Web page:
The way of the world is this: cops tend to go where they expect trouble to be. Where is trouble to be found? Usually in low-income neighborhoods; there is clearly a correlation between high crime areas and poverty. (As a white woman, you wouldn't catch me walking through a poor neighborhood alone at night, whether it was a trailer park, the Mission in San Francisco, or the projects in Ferguson, MO.) I'm not saying "it's not crime; it's poverty"--there are plenty of poor folks of all races who don't commit crimes. But poverty is a factor. On the other end of the spectrum are white collar crimes, committed by people who normally aren't poor and desperate and which are not violent, but usually a LOT more money gets stolen than, say, the value of a box of Swisher Sweets cigars. But how often are these crimes prosecuted, or how often does a Wall Street banker get taken down with anything other than a smack on the wrist? The scales are not balanced. Not yet.
Day in and day out, black folks see white little Johnny in college get busted for a bag of weed and Daddy getting the kid off with a fine and community service. Meanwhile, black little Jerome gets busted for a bag of weed and gets the book thrown at him. The one place where black folks are more than disproportionately represented is the prison system. If you think it's because black people have a racial commitment to crime, then your head is in the sand. It has everything to do with racial profiling, a justice system that is often institutionally harder on one race than on another, and we could argue all day long what came first: the chicken or the egg. Fault-finding is more complex than that, especially nowadays with private prisons and a prison lobby. When prisons become for-profit, profits can grow only by incarcerating more people. Those who can afford to hire the expensive team of attorneys are the ones who don't take a maximum sentence on anything. But one race is no more genetically likely to commit a crime than any other race. You wouldn't know that, though, by looking at the prison population.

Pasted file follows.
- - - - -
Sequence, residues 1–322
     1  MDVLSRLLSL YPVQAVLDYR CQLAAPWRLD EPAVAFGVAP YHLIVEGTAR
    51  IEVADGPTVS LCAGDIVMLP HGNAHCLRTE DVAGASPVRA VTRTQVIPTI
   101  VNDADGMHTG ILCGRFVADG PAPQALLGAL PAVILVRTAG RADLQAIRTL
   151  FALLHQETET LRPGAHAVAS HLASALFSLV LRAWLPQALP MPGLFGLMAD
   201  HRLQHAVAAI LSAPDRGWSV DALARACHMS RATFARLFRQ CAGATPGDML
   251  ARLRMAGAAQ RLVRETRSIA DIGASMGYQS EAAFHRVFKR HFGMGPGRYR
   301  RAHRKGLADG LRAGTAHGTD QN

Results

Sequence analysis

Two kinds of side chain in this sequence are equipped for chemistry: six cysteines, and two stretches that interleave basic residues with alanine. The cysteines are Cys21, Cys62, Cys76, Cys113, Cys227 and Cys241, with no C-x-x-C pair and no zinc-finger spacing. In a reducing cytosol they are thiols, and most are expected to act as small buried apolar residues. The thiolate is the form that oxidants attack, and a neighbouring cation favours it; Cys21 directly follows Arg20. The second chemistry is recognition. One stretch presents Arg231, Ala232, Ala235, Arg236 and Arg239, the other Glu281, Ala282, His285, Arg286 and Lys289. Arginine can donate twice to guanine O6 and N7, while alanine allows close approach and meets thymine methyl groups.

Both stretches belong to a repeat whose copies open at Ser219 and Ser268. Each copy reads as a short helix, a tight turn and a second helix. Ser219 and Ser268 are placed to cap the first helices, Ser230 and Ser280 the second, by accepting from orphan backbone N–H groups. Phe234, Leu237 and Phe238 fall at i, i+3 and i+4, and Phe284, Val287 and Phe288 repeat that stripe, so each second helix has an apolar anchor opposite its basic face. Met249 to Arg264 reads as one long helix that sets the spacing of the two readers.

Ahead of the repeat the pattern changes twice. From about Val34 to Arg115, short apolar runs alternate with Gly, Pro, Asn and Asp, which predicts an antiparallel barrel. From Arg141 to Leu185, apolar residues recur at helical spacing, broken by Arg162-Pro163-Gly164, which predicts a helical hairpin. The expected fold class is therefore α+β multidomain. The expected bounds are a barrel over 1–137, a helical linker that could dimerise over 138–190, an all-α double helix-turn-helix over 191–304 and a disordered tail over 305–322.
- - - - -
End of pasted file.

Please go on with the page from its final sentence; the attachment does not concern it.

But the bottom line is this: when an unarmed black guy who was acting like a punk swiped a box of cigars that couldn't have cost more than six bucks was accosted by a white police officer and the guy began mouthing off, did he deserve six bullets and death?
That's why Ferguson, MO, is mad. They're tired of it.
|It's called freedom of assembly and freedom of speech.|
Okay. That's one side.
Now here is the other side, as well as I'm able to construct it, because there is a lot of baloney being posted and tweeted and reported. It appears there was a convenience store robbery and this young man was involved. (And he's a big dude.) The officer stopped him and a friend jaywalking a few blocks away from the crime and the fellow treated the officer with disrespect. Whether he actually punched the officer or tried for his weapon is currently UNKNOWN. (How the rumor about him breaking the officer's eye socket, etc, got started and disseminated can be found HERE.) In any case, the officer felt threatened, so the officer fired. Not just twice, as they are trained to do initially before reassessing. Since he emptied his weapon, he obviously did not feel the threat had been neutralized after two shots. It has yet to be determined whether the officer was overreacting or panicked. It has yet to be determined whether the officer felt threatened for the sole reason the young man was black. But what remains a fact is that the young man was not armed. So, to some it looks like police brutality taken to an extreme, but the officer felt justified, and since right now we just can't know, the officer may very well have been in the right. Race may indeed have nothing to do with why he fired.